We use our blades and change them often. Due to safety concerns, I put a blade disposal everywhere (exaggerated). There is no reason why someone would walk more than 10 feet to dispose of a blade. I have to treat my "coworkers" as "children." so I make sure they have sufficient disposal areas. 

 

We recycle our blades with a metal company. 

 

As for controlling them, my supervisors are in charge of sign out and disposal. This isn't sufficient without continuous oversight of the employees and supervisors. 

 

I wish there was a better way to control the blades, but blades are a necessity in our process. 

 

If I was a food company, I would make my current one have a better blade control program. I'll be monitoring this thread for any better, efficient and cost effective ways for blade control. 

 

thanks! Happy New Year!

 

and that's exactly what is happening here.

 

When you say change the blades often, how, where and what do you actually record on the form whilst changing the blade?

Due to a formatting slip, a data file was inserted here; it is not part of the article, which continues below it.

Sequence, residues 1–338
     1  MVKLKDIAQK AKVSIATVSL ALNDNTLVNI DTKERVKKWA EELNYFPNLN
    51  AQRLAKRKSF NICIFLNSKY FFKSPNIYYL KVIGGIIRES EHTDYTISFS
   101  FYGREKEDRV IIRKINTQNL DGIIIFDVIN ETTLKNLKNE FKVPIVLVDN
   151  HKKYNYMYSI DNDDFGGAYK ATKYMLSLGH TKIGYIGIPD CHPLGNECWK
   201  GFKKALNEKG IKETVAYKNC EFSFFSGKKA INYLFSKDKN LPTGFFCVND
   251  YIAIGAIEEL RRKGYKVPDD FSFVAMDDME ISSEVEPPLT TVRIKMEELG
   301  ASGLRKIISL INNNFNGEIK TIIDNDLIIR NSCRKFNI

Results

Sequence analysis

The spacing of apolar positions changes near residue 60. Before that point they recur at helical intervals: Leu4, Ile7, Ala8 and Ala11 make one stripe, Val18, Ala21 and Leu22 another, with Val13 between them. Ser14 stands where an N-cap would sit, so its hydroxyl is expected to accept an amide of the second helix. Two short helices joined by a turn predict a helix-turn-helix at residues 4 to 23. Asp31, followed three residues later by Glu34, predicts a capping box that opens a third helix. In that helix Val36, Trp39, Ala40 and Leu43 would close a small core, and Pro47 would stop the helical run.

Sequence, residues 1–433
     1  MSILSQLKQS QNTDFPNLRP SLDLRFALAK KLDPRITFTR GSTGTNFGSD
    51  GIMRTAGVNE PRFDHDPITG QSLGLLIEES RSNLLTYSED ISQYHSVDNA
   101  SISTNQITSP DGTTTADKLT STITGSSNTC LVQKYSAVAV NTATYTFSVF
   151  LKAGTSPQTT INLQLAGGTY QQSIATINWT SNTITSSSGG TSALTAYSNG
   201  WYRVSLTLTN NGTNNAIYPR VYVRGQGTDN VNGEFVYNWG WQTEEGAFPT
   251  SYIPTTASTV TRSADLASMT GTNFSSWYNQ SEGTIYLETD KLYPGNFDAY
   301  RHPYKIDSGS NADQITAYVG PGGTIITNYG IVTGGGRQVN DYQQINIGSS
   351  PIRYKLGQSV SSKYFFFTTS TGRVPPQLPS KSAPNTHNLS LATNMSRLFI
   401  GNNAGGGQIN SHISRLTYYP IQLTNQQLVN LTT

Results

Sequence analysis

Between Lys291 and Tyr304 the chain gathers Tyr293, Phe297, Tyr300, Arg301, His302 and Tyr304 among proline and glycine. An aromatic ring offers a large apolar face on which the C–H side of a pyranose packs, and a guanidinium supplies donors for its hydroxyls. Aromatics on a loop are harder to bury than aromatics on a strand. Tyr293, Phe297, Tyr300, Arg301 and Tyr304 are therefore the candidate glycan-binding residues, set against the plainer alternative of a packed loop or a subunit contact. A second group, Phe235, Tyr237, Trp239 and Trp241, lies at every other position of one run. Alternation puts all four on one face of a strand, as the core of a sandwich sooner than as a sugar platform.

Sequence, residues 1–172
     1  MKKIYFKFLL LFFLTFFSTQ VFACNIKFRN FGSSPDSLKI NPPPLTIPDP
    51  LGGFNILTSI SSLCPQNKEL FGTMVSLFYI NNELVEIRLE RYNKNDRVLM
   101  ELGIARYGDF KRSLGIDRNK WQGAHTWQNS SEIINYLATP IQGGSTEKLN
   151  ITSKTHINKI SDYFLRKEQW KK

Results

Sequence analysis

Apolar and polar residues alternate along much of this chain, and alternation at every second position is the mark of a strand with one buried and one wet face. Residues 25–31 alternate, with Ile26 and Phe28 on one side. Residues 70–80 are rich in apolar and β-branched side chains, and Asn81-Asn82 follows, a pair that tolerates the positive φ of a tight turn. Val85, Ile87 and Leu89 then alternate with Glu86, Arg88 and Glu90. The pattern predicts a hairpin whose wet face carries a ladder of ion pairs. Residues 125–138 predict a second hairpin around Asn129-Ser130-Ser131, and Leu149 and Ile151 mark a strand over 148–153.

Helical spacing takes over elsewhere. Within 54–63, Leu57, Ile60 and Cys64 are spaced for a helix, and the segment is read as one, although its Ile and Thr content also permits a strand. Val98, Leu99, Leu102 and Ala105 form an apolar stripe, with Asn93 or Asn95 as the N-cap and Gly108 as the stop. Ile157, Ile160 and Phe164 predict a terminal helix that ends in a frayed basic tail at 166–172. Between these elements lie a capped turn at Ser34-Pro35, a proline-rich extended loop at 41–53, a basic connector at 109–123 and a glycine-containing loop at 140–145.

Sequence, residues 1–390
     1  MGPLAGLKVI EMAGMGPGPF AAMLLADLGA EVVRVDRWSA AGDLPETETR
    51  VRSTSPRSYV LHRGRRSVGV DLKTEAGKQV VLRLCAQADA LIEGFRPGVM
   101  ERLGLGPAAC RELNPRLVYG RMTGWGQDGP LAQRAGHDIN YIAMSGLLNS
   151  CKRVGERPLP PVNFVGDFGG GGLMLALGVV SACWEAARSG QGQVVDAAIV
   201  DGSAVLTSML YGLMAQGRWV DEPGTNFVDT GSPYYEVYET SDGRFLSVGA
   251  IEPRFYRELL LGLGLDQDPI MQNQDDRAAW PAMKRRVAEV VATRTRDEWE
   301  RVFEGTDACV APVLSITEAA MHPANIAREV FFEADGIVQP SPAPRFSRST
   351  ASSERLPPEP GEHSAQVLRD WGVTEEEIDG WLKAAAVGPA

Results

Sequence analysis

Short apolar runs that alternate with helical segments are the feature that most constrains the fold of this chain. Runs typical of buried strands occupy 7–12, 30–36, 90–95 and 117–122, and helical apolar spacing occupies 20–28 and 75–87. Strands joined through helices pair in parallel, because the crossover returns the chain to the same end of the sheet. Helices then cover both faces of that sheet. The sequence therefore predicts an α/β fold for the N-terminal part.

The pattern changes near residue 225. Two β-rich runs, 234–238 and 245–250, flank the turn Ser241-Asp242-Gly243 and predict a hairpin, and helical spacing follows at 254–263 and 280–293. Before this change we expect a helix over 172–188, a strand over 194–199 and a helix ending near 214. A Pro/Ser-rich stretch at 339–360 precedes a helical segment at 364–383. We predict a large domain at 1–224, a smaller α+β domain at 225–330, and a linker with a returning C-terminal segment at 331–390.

Thanks


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#14 Rosemary4

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Posted 18 January 2017 - 09:36 AM

We do a combination of the suggestions above. Each knife has the employee number or unique reference on it which is documented on a QC Knife Owners list. We leave one new blade in a knife and this is exchanged on a one for one basis issued by the Shift Managers and signed for. They are then put in an old sharps bin and at frequent intervals, wrapped up and disposed of.

I am attaching a couple of forms we use for issuing of knives (we also use Stanley 99 knives) and issuing of blades if they are of any use to fellow members.

Attached Files


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#15 DN_QAMGR

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Posted 16 February 2017 - 10:12 PM

Sorry for the late response, but we change blades as needed, which is often. 

 

Basically, if the blade is dull or not cutting through the product correctly, they will change.